Adding Odds and Evens

The significance of understanding whether an answer is going to be odd or even is not often instantly understood. If children understand this, they will have an instant way to know whether their answer may be wrong. They will know that 459+243 has to be even because they are both odd numbers. It develops numbers sense. That’s a good thing!

After watching this free math video, I see how I could have done things a little better. Writing all even numbers in red and odd numbers in black would have helped tie in the Cuisenaire Rods to the symbols. Our numerals themselves show no similarity to quantities (what does the shape of a 5 have to do with five things?) so bridging that gap with colors or letters to indicate odd or even would be a good idea.

Completing the Square Concept

I apologize for the chaotic nature of this free math video. I should have sent them out to run around first, apparently! Try to ignore all the random noises and I’m sure you’ll get something out of this!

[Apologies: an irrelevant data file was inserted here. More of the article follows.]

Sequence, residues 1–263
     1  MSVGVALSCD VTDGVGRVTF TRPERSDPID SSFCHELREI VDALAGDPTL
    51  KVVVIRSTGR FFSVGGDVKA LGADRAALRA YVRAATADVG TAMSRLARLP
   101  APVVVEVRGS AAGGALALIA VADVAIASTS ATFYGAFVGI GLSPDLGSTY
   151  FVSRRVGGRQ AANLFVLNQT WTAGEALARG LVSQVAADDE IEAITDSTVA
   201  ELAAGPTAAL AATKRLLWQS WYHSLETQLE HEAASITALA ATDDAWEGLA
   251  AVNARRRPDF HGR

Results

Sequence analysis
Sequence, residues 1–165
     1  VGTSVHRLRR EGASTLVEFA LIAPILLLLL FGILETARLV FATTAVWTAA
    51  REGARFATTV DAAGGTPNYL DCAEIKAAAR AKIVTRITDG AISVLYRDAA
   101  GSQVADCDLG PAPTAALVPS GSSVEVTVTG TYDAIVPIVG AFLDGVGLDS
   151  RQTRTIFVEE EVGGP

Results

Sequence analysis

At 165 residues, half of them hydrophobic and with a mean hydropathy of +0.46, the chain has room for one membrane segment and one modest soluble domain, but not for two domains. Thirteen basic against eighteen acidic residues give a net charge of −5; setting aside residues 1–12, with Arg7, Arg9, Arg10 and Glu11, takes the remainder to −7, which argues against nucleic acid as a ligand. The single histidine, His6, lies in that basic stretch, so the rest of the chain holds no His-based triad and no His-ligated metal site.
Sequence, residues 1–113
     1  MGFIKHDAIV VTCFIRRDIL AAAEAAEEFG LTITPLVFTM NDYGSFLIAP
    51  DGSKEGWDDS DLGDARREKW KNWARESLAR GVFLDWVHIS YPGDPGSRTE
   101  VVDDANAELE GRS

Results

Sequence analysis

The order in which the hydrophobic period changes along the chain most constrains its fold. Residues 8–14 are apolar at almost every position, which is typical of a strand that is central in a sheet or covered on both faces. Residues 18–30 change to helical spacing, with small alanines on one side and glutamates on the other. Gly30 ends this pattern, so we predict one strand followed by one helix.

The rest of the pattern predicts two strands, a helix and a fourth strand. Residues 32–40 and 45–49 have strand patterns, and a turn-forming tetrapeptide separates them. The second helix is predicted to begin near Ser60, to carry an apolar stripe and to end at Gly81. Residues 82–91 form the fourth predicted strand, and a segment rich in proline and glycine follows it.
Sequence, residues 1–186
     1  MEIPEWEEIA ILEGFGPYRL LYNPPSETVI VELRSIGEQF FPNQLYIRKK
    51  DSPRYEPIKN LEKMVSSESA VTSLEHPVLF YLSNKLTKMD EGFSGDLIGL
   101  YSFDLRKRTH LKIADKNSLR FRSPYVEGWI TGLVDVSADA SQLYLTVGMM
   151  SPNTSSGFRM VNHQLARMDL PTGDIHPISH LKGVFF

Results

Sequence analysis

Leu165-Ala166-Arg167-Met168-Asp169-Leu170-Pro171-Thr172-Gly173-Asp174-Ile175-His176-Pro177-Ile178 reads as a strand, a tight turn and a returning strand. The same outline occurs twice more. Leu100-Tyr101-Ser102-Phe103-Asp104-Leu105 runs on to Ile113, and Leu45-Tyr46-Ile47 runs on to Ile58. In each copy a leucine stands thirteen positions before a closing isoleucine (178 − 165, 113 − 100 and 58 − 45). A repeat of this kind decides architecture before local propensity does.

This is just a brief introduction to the idea of “completing the square.” We will add more to this eventually, but I just want them to get the idea of dividing the coefficient of “x” in half and then squaring that number to complete the square. Obviously they need a few more times of this for it to really sink in!

Drawing Polynomials

Once you’ve gotten used to using the blocks, it becomes quicker to just draw pictures… and once you’ve drawn pictures enough, it becomes easier to just use symbols! The concrete-pictorial-abstract order of teaching has been proven to be the most effective. Here’s how you can do it with algebra concepts…